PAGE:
The Daily Scoop: Study; Fracking Waste May Migrate to Aquifers Faster than Predicted


A new study has raised fresh concerns about the safety of gas drilling in the  Marcellus Shale, concluding that fracking chemicals injected into the ground  could migrate toward drinking water supplies far more quickly than experts have  previously predicted.

More than 5,000 wells were drilled in the Marcellus between mid-2009 and  mid-2010, according to the study, which was published in the journal Ground  Water two weeks ago. Operators inject up to 4 million gallons of fluid, under more  than 10,000 pounds of pressure, to drill and frack each well.

Scientists have theorized that impermeable layers of rock would keep the  fluid, which contains benzene and other dangerous chemicals, safely locked  nearly a mile below water supplies. This view of the earth’s underground geology  is a cornerstone of the industry’s argument that fracking poses minimal threats  to the environment.

But the study, using computer modeling, concluded that natural faults and  fractures in the Marcellus, exacerbated by the effects of fracking itself, could  allow chemicals to reach the surface in as little as “just a few years.”

Read more…

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2 Comments to “The Daily Scoop: Study; Fracking Waste May Migrate to Aquifers Faster than Predicted”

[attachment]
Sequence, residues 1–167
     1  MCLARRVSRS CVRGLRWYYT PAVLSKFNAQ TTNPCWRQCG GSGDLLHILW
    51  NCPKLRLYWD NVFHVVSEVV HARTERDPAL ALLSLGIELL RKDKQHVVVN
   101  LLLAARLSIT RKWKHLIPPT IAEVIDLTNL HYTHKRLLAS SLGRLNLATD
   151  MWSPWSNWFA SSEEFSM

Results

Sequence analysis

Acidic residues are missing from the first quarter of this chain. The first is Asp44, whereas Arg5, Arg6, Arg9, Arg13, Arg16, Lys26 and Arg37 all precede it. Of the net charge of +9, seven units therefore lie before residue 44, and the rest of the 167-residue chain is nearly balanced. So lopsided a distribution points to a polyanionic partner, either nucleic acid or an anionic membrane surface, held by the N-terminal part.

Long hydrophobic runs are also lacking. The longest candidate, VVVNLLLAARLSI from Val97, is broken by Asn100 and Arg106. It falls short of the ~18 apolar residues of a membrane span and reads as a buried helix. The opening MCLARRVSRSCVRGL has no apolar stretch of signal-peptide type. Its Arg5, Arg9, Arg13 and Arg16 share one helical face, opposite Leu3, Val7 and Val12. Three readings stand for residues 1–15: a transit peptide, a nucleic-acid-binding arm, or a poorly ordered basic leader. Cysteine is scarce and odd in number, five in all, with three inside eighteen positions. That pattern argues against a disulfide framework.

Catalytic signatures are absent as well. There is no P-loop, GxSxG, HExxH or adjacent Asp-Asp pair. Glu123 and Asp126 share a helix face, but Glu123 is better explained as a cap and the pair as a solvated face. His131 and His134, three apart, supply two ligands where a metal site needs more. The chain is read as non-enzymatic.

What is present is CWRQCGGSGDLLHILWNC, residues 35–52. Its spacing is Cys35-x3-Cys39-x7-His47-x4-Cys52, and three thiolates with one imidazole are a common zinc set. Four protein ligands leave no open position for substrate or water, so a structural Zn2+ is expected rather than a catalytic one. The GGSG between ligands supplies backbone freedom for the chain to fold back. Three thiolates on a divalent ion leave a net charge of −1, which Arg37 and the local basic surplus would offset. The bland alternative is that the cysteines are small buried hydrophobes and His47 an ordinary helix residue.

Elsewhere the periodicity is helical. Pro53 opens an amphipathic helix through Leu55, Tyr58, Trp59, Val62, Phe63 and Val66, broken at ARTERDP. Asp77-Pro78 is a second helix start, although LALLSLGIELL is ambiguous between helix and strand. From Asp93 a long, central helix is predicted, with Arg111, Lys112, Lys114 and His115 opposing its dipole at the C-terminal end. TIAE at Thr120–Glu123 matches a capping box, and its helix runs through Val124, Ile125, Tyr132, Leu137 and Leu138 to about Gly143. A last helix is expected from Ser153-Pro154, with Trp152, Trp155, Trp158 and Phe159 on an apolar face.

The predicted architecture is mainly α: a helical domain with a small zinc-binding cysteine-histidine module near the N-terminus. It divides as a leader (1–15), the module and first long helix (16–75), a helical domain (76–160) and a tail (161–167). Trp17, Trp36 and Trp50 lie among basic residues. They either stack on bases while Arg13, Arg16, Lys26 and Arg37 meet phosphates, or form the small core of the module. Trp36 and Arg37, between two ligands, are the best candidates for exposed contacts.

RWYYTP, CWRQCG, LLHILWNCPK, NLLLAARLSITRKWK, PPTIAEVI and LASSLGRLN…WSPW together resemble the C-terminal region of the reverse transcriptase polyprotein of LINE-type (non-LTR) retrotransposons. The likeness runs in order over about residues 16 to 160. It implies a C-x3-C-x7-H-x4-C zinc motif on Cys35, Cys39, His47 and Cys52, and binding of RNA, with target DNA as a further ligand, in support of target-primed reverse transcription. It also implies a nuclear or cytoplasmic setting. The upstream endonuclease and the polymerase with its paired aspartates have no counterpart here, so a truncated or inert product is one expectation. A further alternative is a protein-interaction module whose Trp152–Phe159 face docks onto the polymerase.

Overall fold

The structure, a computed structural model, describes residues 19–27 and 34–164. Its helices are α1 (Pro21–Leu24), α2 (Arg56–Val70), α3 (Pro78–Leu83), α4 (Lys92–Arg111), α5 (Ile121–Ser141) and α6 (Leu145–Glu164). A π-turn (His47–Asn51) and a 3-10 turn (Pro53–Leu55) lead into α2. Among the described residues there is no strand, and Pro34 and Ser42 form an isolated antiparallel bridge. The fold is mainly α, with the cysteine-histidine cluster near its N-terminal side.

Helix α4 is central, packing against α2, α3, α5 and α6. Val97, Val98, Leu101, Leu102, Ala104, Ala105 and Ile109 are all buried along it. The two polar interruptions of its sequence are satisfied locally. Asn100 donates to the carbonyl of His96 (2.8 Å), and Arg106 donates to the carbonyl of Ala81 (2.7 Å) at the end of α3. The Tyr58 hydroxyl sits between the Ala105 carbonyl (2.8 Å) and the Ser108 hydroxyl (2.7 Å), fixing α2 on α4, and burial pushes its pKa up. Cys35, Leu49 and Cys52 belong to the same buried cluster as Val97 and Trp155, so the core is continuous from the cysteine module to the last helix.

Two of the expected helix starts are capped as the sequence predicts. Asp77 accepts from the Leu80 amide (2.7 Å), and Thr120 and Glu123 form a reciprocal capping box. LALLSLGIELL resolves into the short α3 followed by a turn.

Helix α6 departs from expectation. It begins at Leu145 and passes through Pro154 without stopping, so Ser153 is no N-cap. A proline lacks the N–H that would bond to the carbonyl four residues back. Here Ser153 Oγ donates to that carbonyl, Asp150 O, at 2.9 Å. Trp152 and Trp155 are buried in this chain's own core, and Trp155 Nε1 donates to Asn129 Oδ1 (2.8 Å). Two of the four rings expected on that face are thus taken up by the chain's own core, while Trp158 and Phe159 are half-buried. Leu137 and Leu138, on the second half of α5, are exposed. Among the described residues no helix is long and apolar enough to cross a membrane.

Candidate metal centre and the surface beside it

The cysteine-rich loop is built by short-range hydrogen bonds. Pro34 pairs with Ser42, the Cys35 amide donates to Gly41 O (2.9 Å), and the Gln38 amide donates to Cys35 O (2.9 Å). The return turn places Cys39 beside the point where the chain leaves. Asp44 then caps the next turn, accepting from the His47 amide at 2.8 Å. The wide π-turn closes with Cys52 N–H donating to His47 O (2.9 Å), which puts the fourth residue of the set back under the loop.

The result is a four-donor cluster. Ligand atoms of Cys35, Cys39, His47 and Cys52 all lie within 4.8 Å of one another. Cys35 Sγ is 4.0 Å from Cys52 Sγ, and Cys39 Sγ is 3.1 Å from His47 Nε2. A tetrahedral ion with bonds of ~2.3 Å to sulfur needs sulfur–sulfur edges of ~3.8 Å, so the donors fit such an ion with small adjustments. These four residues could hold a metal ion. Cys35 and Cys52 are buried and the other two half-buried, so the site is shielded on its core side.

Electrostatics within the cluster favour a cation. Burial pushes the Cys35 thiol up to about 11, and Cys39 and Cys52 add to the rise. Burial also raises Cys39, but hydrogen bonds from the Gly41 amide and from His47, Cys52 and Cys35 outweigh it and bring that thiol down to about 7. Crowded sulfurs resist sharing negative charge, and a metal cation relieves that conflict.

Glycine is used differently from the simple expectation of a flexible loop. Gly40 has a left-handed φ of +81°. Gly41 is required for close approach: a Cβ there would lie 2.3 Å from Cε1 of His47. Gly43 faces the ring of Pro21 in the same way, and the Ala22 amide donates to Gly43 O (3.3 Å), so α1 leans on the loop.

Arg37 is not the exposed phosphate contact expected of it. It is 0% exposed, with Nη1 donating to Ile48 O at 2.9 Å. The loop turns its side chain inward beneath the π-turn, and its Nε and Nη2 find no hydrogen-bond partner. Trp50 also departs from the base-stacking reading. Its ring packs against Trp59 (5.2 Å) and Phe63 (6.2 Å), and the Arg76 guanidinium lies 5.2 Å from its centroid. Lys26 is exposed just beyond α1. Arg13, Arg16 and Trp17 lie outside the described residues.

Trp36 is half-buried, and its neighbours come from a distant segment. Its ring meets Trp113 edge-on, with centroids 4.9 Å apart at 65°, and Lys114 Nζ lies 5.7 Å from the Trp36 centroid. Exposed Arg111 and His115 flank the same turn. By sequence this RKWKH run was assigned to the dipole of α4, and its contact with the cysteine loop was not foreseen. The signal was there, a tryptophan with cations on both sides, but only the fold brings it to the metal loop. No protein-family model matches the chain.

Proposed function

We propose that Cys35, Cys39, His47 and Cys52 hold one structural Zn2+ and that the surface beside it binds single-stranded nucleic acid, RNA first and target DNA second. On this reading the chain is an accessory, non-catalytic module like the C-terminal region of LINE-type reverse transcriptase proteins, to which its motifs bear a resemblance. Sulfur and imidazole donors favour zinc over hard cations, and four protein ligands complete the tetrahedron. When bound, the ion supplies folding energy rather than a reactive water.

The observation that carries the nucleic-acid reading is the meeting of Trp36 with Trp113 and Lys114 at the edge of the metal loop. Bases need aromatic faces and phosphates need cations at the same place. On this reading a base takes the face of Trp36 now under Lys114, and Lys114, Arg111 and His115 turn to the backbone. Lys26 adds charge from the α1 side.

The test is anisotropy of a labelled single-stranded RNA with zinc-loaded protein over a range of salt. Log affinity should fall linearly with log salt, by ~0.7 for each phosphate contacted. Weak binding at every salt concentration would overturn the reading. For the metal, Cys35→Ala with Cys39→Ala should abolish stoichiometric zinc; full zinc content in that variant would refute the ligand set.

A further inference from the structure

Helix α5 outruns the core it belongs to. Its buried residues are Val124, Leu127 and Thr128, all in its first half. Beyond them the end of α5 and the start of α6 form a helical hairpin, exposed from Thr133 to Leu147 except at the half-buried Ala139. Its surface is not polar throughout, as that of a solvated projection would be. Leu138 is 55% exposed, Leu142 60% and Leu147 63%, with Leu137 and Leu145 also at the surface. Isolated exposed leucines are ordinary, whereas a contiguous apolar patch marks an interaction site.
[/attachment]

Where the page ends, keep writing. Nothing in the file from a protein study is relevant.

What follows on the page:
1. As a hydrogeologist, I had been sceptical about these fears; although the drip feed of scare stories (pun very much intended) is proving very persuasive. Nevertheless, any risk of direct adverse environmental impact is not the reason unconventional hydrocarbon exploitation should be abandoned.
    “I’ve come to conclude that if we burn all reserves of oil, gas and coal, there is a substantial chance we will initiate the runaway greenhouse. If we also burn the tar sands and tar shale, I believe the Venus syndrome is a dead certainty.” James Hansen (2009) Storms of My Grandchildren, page 236.

    • “Nevertheless, any risk of direct adverse environmental impact is not the reason unconventional hydrocarbon exploitation should be abandoned.”

      Absolutely, contaminated drinking water at the local level is of minimal concern compared to broader impacts of continued fossil fuel use.

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